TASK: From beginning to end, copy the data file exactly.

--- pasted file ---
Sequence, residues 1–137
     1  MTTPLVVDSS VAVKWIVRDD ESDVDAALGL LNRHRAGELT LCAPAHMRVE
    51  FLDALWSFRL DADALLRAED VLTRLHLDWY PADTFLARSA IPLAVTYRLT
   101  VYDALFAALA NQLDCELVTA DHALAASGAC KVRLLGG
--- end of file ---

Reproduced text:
Sequence, residues 1–137
     1  MTTPLVVDSS VAVKWIVRDD ESDVDAALGL LNRHRAGELT LCAPAHMRVE
    51  FLDALWSFRL DADALLRAED VLTRLHLDWY PADTFLARSA IPLAVTYRLT
   101  VYDALFAALA NQLDCELVTA DHALAASGAC KVRLLGG